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U.S. futures muted, Intuit's free TurboTax users slip - what's moving markets

Published 24/05/2024, 08:48
© Reuters

Investing.com -- U.S. stock futures hover around the flatline heading into the final trading day of the week following a dip in the major averages on Thursday. Intuit (NASDAQ:INTU) shares slip in extended hours trading as analysts fret over a loss of free users at its key TurboTax service. Ether edges lower amid some profit-taking after U.S. securities regulators approve rule changes supporting the creation of exchange-traded funds tied to the world's second-biggest cryptocurrency.

1. Futures muted

U.S. stock futures were treading water on Friday after equities fell in the prior session despite blowout earnings from artificial intelligence-darling Nvidia (NASDAQ:NVDA).

By 03:35 ET (07:35 GMT), the S&P 500 futures contract, Nasdaq 100 futures and Dow futures were all mostly unchanged.

The major averages on Wall Street ended the prior session lower, as enthusiasm over a better-than-expected spike in quarterly revenue from AI chipmaker Nvidia was tempered by data showing that the number of Americans filing for first time job benefits was less than anticipated. The figures pointed to resilience in the U.S. labor market, exacerbating some concerns that Federal Reserve policymakers could delay possible upcoming interest rate reductions.

At the close of trading on Thursday, the benchmark S&P 500 had shed 0.7%, the tech-heavy Nasdaq Composite had slipped by 0.4%, and the 30-stock Dow Jones Industrial Average had dipped by 1.5%.

2. Intuit shares slip amid worries over loss of free TurboTax users

Intuit posted fiscal third quarter results that topped analysts expectations, but shares in the group slumped in extended hours trading as investors fretted over a loss of free users at its all-important TurboTax tax-preparation service.

The firm behind personal finance portal Credit Karma and accounting software QuickBooks announced quarterly earnings per share of $9.88 on revenue of $6.74 billion. The numbers beat Wall Street estimates of $9.38 and $6.65 billion, respectively, in a sign that users were reacting postively to investments in AI and enhanced tax filing services.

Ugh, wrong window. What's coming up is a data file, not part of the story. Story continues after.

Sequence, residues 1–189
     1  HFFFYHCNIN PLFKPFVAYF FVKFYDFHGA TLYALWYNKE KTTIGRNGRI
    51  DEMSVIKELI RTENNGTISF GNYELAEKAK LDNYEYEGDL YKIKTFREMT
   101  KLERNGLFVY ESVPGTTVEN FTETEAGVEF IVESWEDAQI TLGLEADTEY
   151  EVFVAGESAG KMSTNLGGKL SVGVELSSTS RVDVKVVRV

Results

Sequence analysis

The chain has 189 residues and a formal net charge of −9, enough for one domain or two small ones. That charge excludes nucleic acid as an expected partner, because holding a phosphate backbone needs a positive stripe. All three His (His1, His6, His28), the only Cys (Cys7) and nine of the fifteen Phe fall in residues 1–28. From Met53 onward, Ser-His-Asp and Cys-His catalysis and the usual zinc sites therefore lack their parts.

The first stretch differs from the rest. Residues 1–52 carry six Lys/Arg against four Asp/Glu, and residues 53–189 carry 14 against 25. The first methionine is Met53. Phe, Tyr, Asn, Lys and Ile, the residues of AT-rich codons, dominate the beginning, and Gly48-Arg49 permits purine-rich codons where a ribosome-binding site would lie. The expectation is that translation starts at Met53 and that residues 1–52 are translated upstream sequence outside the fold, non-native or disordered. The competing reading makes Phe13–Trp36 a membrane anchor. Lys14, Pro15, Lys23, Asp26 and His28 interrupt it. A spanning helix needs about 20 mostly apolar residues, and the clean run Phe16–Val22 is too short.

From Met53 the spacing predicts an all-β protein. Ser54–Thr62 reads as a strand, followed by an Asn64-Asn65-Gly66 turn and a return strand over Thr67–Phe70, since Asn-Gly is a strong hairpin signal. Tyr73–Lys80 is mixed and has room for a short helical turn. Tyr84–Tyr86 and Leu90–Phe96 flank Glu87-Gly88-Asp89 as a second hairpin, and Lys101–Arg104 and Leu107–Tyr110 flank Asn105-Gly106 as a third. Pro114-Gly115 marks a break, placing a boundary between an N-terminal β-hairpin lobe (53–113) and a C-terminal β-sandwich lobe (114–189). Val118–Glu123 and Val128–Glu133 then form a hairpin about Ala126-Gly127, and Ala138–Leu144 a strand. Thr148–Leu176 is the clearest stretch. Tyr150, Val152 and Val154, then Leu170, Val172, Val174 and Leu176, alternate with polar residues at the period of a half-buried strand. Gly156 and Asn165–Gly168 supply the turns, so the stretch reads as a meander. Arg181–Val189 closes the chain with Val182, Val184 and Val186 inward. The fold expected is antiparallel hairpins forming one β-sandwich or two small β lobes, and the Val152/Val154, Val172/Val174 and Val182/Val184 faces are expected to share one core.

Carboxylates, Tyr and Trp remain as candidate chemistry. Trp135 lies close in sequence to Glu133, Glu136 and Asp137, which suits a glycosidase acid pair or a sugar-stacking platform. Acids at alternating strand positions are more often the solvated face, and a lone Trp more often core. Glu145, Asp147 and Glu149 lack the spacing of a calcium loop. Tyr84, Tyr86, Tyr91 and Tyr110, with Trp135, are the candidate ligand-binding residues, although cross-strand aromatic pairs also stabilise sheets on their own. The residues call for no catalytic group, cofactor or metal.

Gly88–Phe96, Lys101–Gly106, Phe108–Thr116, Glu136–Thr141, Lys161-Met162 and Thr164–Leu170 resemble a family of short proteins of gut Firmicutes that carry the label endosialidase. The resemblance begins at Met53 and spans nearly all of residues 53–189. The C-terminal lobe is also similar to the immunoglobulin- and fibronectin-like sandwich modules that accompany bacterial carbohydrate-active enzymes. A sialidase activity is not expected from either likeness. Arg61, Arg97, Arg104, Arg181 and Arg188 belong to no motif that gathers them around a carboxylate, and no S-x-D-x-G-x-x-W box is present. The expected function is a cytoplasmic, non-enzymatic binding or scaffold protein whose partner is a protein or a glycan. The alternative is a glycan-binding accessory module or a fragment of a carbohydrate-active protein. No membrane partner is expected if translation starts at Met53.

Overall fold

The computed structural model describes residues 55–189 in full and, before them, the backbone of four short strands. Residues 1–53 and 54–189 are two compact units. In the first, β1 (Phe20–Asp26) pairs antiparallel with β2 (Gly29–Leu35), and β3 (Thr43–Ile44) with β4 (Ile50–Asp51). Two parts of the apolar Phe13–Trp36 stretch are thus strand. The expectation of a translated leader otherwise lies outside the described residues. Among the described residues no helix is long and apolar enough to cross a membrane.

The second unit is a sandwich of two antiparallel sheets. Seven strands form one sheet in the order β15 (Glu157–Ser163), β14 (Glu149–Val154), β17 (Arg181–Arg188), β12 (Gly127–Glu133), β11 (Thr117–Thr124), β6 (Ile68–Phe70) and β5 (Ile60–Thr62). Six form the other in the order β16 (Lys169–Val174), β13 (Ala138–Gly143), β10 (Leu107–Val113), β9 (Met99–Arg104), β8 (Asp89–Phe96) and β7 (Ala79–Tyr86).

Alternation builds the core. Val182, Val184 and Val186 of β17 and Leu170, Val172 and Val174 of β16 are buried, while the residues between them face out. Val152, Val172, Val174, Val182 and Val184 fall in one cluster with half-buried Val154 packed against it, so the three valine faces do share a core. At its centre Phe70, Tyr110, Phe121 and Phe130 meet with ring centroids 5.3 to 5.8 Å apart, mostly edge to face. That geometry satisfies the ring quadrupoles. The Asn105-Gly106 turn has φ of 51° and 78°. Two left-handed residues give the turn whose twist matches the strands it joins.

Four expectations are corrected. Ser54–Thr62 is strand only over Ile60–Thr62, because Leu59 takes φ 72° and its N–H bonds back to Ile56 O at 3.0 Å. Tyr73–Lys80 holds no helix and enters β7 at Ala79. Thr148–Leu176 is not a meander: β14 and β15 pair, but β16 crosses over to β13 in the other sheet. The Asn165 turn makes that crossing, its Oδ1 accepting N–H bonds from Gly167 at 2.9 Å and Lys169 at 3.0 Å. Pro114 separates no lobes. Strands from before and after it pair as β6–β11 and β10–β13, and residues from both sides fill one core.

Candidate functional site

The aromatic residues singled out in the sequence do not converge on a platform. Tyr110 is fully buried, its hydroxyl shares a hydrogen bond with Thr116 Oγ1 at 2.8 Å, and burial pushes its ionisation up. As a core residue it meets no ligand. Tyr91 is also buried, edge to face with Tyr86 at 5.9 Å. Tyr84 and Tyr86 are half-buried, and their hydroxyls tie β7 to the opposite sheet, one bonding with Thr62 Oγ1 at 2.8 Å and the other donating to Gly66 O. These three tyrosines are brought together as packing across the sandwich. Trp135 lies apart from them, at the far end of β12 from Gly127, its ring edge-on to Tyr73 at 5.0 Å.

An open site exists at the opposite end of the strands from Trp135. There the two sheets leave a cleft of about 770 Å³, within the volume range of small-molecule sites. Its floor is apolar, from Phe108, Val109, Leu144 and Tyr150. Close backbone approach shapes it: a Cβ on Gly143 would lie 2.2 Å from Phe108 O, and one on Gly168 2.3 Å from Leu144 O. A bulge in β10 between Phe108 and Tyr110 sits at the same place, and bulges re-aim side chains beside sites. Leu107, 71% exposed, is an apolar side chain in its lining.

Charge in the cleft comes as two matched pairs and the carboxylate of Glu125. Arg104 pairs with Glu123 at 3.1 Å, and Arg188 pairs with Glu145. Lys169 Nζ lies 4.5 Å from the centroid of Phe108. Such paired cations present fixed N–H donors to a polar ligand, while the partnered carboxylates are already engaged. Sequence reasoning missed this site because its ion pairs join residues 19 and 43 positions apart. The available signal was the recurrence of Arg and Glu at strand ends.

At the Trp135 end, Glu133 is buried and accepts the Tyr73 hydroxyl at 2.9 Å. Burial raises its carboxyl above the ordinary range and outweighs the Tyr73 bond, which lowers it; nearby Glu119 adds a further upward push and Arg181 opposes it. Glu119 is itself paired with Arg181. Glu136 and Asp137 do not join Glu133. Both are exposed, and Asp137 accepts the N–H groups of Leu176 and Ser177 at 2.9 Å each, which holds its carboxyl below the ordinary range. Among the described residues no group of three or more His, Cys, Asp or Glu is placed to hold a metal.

However, the number of people using TurboTax's free offering during the three months ended on April 30, which includes tax filing season in the U.S., dipped by about 1 million versus the year-ago period. Analysts flagged concerns that TurboTax may be struggling to attract higher-end customers while also facing increased competition for lower-end users.

3. SEC approves applications to list spot Ether ETFs

The U.S. Securities and Exchange Commission has approved rule changes backing the creation of exchange-traded funds linked to Ether, paving the way for the potential launch of eight such funds.

Thursday's decision marked some progress towards the eventual approval of a spot ETF for trade, although the SEC has to now engage with applications from fund managers to list a spot ETF. Applicants include VanEck, ARK Investment Management and seven other issuers.

Rumblings of the SEC’s approval had boosted Ether prices throughout the week, with the actual event sparking fleeting gains in the token.

On Friday, Ether, the world's no. 2 digital token, had slipped by 2.8% to $3,684.11 by 03:26 ET amid some profit-taking.

4. Nvidia cuts China AI chip prices - Reuters

Nvidia has been pushed into selling artificial intelligence chips in China at heavy discounts due to stiff competition from local players, specifically Huawei, Reuters reported on Friday.

The California-based firm previously launched three AI chips tailor-made for China last year, as U.S. sanctions prevented it from selling its most advanced AI chips in the country.

Among the three, the H20, which is the most powerful, has been hit by subdued demand in China, and in some cases, was being sold at an over 10% discount to a similar offering from Huawei, the Reuters report said.

Huawei's Ascend 910B chip was also seeing substantially more orders than the H20 from state-backed enterprises, Reuters said, citing limited government data. This came after a mandate from Beijing for state enterprises to use China-made silicon.

5. Crude heading for weekly falls

Crude prices were lower on Friday, heading for hefty weekly losses as indications of sticky inflation and high interest rates spurred on concerns over economic activity in the U.S., the world's top oil consumer.

By 03:36 ET, the U.S. crude futures (WTI) had fallen 0.4% to $76.60 per barrel, while the Brent contract had dropped 0.3% to $81.13 a barrel.

Both contracts were on track to post weekly losses of more than 3%, with Brent at its weakest level in two months, while WTI was at a three-month low.

All eyes are now on the next meeting of the Organization of the Petroleum Exporting Countries and its allies, together called OPEC+, at the start of June. The group of producers is expected to discuss whether to extend voluntary oil output cuts of 2.2 million barrels per day.

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